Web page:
One technique for detecting a depressed condition of a key utilizes a capacitive key wherein a key circuit element forms two spaced apart metallic areas and has a plated pad formed from a metal such as tin, nickel, or copper such that when the key end is brought in close proximity to the current element, a capacitive charge is noted by a keypad circuit board and a key-depressed state is acknowledged by a corresponding keyboard microprocessor and logic unit. An alternative construction incorporates a hardcontact keyboard, wherein the key has a stem which directly engages with the concave cavity, in close proximity with a pair of contacts comprising the circuit element which are then brought into electrically communicative relationship therebetween.

Each key has a first portion of the key exposed on a first side of the cluster key assembly, and a second and third portion of the key exposed on a second side of the cluster key assembly. When the first portion of a key is depressed by a user, the third portion of the key comes into contact with a substrate while its second portion mechanically mutually excludes any functions associated with the corresponding secondary key of that particular key cluster from contacting the substrate.

The primary key 112 travels through a stepped hole in the key cluster. When the primary key 112 is actuated, a shoulder 114 on the primary key 112 mates with steps 119 in the associated secondary key 116. This engagement of the shoulder 114 of the primary key 112 with steps in the secondary key 116 traps the secondary key 116 against the substrate and prevents it from rotating and rolling over the surface of the substrate. Since the secondary key 116 is actuated by rotating and rolling over the substrate, the secondary key 116 can not be actuated when the primary key 112 is actuated.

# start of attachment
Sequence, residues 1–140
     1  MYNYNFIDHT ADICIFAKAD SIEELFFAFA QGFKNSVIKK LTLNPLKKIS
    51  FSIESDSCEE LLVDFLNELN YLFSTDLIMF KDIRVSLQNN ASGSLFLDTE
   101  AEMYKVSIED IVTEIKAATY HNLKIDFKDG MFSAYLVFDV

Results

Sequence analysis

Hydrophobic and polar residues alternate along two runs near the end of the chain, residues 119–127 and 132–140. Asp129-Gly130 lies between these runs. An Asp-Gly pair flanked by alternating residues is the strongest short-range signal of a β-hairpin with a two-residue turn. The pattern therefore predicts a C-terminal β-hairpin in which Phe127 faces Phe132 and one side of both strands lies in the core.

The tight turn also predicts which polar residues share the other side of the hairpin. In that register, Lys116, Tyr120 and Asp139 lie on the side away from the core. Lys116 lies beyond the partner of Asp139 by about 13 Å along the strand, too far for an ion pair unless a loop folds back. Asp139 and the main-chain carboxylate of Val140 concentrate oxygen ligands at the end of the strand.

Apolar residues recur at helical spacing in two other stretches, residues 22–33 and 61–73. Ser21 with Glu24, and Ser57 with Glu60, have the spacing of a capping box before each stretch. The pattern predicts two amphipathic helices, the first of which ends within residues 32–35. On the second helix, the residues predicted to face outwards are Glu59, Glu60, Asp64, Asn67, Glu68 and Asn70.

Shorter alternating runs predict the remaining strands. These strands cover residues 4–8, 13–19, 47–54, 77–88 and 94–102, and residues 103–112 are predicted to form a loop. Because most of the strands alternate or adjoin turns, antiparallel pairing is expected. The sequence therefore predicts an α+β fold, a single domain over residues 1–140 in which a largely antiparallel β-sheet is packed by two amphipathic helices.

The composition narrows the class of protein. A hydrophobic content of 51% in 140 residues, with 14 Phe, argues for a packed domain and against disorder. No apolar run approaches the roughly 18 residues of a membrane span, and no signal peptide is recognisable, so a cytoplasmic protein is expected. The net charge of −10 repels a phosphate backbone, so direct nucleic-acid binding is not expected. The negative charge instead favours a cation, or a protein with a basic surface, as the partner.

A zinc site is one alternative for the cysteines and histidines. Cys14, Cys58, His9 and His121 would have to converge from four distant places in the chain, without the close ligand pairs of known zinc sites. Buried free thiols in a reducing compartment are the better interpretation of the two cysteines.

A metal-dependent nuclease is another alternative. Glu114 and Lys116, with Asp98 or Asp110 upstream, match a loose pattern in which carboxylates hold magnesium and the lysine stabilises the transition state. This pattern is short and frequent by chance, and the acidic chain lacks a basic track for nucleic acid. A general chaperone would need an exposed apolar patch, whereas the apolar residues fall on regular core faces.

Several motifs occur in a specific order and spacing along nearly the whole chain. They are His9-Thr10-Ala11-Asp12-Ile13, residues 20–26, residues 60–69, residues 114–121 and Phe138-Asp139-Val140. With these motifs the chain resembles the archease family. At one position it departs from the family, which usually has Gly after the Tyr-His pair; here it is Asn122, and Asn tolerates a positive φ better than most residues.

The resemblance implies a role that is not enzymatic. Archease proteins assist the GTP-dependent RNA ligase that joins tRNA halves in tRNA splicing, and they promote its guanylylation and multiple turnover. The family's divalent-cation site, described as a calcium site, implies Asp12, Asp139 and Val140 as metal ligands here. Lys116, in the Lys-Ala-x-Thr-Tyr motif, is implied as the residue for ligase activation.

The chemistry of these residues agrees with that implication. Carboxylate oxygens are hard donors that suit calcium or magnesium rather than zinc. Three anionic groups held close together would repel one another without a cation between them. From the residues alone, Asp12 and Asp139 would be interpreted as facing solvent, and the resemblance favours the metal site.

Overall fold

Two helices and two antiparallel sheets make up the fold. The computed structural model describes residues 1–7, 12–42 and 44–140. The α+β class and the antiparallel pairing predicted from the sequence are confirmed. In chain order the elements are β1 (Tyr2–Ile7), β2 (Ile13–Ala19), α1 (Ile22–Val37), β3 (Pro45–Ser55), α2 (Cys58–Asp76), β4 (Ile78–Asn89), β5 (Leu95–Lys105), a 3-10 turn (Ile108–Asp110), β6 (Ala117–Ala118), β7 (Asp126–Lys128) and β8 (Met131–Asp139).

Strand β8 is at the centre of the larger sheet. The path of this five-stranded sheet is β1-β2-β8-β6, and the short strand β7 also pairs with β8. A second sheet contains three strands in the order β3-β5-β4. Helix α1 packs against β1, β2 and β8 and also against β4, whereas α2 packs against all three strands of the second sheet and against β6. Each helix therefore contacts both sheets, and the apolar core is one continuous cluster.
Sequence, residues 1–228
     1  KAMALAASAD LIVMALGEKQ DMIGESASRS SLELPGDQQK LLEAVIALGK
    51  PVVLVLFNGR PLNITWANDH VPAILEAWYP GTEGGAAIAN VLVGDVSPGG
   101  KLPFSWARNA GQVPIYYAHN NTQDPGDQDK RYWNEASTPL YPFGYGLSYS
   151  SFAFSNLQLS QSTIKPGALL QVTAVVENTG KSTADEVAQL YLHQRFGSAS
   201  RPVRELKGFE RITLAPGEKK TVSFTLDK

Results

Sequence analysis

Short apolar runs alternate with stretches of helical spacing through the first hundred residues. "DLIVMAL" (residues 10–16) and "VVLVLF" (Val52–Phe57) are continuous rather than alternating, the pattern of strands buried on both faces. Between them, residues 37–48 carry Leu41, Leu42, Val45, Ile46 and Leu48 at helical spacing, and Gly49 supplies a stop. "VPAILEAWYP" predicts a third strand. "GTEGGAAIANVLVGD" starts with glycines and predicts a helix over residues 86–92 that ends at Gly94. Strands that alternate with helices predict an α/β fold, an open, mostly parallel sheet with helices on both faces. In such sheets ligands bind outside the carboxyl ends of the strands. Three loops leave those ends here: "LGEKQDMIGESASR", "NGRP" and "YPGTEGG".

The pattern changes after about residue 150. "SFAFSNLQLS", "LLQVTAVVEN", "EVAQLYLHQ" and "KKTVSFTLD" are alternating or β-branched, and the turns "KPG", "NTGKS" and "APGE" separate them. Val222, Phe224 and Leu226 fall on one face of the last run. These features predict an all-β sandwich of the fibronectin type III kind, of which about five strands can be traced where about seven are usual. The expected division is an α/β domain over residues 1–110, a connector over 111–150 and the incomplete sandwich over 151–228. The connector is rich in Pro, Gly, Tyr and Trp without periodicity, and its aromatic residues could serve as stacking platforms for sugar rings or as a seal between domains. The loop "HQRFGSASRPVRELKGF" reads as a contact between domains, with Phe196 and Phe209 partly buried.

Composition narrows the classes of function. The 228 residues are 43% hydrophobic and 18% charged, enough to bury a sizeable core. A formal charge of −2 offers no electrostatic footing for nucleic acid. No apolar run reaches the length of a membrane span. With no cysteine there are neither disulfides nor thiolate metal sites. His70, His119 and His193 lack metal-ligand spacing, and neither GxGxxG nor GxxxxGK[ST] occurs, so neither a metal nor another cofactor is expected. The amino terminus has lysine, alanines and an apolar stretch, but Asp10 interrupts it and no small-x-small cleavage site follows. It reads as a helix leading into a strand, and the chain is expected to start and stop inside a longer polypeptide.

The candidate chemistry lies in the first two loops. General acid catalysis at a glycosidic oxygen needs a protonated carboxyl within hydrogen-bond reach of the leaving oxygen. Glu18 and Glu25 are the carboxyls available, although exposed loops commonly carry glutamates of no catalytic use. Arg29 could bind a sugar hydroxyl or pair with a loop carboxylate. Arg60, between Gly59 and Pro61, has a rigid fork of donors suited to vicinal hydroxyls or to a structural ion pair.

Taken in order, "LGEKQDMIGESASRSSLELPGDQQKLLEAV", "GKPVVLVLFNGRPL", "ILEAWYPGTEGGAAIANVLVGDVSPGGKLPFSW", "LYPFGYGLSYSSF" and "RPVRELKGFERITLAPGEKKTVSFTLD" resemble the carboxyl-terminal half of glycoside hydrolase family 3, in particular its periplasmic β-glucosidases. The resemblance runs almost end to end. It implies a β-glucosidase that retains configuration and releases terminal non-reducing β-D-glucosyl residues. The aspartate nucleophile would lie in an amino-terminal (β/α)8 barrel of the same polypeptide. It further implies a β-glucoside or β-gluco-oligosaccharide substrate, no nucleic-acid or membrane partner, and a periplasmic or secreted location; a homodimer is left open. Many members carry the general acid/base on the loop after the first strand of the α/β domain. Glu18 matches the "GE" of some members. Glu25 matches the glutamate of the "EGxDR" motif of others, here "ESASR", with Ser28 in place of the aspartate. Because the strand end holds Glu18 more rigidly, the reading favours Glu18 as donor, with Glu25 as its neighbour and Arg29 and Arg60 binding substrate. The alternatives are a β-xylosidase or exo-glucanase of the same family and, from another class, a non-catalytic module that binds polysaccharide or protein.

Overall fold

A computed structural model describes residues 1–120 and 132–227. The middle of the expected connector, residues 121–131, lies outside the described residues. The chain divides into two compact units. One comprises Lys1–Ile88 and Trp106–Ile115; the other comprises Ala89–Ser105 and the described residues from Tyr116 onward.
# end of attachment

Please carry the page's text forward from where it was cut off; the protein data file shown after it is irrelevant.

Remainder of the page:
When a secondary key 116 is actuated by rotating and rolling over the surface of the substrate, it positions the associated primary key 112 at an angle with the substrate. If the associated primary key 112 is then depressed, this angle will cause the edge of the primary key 112 to contact the substrate and prevent the bottom face 115 of the primary key 112 from making contact. Since actuation of the primary key 112 is produced by the bottom face 115 contacting the substrate, this prevents actuation of the primary key 112 when the associated secondary key 116 is actuated.

An electronic cluster key arrangement according to the invention is shown in FIG. 10A. This cluster key arrangement is electronically configured in the form of a touch screen liquid crystal display (LCD) 132 mounted within a remote telephone 120 which includes a housing 122, a microphone 124, and a speaker 126. Obviously, this electronically configured touch screen LCD cluster key arrangement may also be configured for use on cellular/mobile telephones, television remote controls, other handheld data entry devices, automotive controls, desktop/wall-mounted/cordless telephones, combination telephone recorders, PDAs, and other electronic devices, according to the desires of the user.